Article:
If you've ever dealt with mold in your home, you know the considerable challenges it poses: It's unsightly, it can grow on almost any surface, and it's hard to get rid of.
Mold and mildew (a variety of fungus with a particular affinity for fabric and paper) can release particles that may cause headaches and aggravate asthma, allergies, and sinus problems -- and even change your mood. The fungi spread easily via spores that blow through the air, and are also believed to produce mycotoxins that may lead to cancer, liver damage, and other serious problems. The fuzz -- which can be nearly any color -- isn't always easy to find; it sometimes hides inside walls, so your sense of smell may be your best diagnostic tool.
Happily, your home's heating and cooling systems help control mold. Because mold needs humidity to flourish, the dry heat your furnace generates in winter will make the environment inhospitable. In the summer, air-conditioning dries the air. The old standby chlorine bleach, commonly used to kill mold, isn't the best way to conquer the fungi -- it's harmful to people and to the environment. Soap and water will get rid of most mold, but prevention is still your best bet.
Wipe down your tub or shower enclosure with a squeegee or towel to prevent fungal growth, and don't forget to run the fan when you bathe. Don't use bleach products for routine cleaning -- wiping up moisture should be adequate for keeping mildew from forming.
Prevent mold by fixing leaky pipes, dripping faucets, roof leaks, and foundation cracks, and addressing any other problems that cause water to be somewhere it shouldn't. Mop up spilled water immediately. If you live in a damp climate, periodically check the walls behind furniture to make sure mold is not growing behind your couch or bed.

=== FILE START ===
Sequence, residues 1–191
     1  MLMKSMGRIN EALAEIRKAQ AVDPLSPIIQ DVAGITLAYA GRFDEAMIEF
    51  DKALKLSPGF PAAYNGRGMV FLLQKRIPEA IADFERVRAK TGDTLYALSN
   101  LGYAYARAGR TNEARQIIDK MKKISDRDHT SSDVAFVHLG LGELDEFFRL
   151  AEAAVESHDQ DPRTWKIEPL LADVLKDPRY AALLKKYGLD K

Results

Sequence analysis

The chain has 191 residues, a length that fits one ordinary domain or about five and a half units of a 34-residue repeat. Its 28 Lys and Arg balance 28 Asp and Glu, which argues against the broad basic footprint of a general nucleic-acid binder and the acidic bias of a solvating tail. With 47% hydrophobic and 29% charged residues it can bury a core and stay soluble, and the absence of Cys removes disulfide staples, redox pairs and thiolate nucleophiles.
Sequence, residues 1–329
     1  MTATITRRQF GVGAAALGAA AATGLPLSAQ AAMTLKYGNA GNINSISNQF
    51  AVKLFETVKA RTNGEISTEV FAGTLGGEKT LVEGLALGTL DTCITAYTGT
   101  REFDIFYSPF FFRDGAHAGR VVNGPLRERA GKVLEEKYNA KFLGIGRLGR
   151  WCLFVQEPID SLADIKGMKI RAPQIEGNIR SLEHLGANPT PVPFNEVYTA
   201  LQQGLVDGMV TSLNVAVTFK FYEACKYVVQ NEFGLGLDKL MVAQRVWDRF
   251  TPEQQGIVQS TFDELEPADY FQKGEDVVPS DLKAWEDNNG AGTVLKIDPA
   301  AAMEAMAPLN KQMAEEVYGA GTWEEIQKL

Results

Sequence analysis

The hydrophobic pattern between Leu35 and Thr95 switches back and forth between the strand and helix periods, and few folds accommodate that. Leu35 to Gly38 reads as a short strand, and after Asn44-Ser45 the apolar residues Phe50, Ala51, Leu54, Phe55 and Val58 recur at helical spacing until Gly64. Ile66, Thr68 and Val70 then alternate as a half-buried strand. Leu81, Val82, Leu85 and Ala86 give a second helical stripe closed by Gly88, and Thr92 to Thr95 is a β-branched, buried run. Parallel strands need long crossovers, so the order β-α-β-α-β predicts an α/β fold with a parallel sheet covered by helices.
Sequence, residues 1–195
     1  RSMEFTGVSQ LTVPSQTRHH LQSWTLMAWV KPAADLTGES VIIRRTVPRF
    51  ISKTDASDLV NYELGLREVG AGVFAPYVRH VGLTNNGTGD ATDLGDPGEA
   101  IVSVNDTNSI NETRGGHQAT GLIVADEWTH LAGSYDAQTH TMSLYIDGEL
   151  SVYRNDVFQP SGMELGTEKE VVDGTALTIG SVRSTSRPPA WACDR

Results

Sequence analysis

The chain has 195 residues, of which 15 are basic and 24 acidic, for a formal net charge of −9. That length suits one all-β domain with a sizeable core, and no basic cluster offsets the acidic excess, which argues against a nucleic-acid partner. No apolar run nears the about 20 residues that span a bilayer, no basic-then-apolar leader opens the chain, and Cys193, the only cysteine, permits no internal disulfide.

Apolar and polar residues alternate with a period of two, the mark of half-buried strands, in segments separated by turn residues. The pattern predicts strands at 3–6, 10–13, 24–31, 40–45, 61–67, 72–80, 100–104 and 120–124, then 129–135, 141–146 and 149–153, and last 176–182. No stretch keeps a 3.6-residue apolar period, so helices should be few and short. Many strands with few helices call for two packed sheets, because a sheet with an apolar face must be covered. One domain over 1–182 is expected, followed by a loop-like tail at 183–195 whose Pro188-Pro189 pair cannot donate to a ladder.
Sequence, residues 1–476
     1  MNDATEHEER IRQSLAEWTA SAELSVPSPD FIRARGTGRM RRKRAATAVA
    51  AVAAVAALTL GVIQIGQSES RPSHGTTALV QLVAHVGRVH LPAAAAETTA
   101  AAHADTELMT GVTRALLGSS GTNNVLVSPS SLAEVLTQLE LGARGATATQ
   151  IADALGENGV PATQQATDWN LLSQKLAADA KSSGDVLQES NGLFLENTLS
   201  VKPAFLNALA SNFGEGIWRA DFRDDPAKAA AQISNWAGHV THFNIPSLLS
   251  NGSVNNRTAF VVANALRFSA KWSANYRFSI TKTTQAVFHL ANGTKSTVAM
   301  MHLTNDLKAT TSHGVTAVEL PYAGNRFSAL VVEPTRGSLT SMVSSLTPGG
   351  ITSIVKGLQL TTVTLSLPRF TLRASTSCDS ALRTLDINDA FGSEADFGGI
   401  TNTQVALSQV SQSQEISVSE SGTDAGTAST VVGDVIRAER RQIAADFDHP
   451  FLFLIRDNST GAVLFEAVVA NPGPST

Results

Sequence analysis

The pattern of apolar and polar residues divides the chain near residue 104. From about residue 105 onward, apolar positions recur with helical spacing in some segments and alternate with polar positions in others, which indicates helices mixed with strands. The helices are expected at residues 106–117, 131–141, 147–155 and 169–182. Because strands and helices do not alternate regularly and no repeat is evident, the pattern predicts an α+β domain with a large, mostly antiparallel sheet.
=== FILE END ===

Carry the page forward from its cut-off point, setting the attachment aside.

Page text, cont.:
Air-conditioning and heating ducts can sometimes harbor mold; if you've seen moisture near a vent, or there's a moldy smell in the area, have your ductwork inspected. Tell your cleaning professionals to avoid using mildewcides, which can be harmful to your health.
In general, your household humidity level is too high if moisture collects on your windows. Use a dehumidifier (or two) to lower it to between 30 and 60 percent. (A good air-conditioning system can also pull humidity out of the air without overchilling.) Use less-poisonous methods of mold removal before turning to bleach or other toxic chemicals.
Machine wash moldy clothes, and try adding white vinegar to the rinse cycle. If you have mildew on a hard, nonporous surface, you should be able to get it up without too much fuss. Vinegar is a great all-purpose cleaner; use it straight for tough jobs, or dilute it with water. Tea-tree oil is a natural fungicide and can help disinfect surfaces -- mix 2 teaspoons with 2 cups water (see Tub and Tile Cleaners for more information). To whiten stained tiles or grout, use a mixture of 1/2 cup hydrogen peroxide to 1 cup water.All of these solutions can be sprayed onto a surface, allowed to dry, then wiped with a damp cloth.
For a more abrasive cleaner, apply a paste of borax and water and use a scrub brush. Always rinse well and dry. Start with the methods listed above, if appropriate for the surface (vinegar may pit marble). If these options don't work to your satisfaction and you opt for bleach, use the smallest amount possible in a well-ventilated area, and wear gloves. Never mix bleach with other cleaning products, such as ammonia, as that can create a dangerous chemical reaction
If you find water damage in a basement, attic, or living space, try to dry the area completely -- a fan or two will help -- within 48 hours. If you have a lot of water, get help: Professionals have powerful vacuums, fans, and dehumidifiers that can dry your home quickly, which is essential if you want to prevent fungal growth.
A professional might recommend using biocides, such as bleach solutions or other fungicides, to control mold that's on surfaces. (It's not safe to use these products on your own.) Make sure the pros take precautions to protect you and themselves, and leave home while the work is being done. Note that ceiling tiles, carpeting, wallboard, and other absorbent surfaces that get moldy are virtually impossible to clean: They need to be removed as soon as possible to prevent the mold from spreading.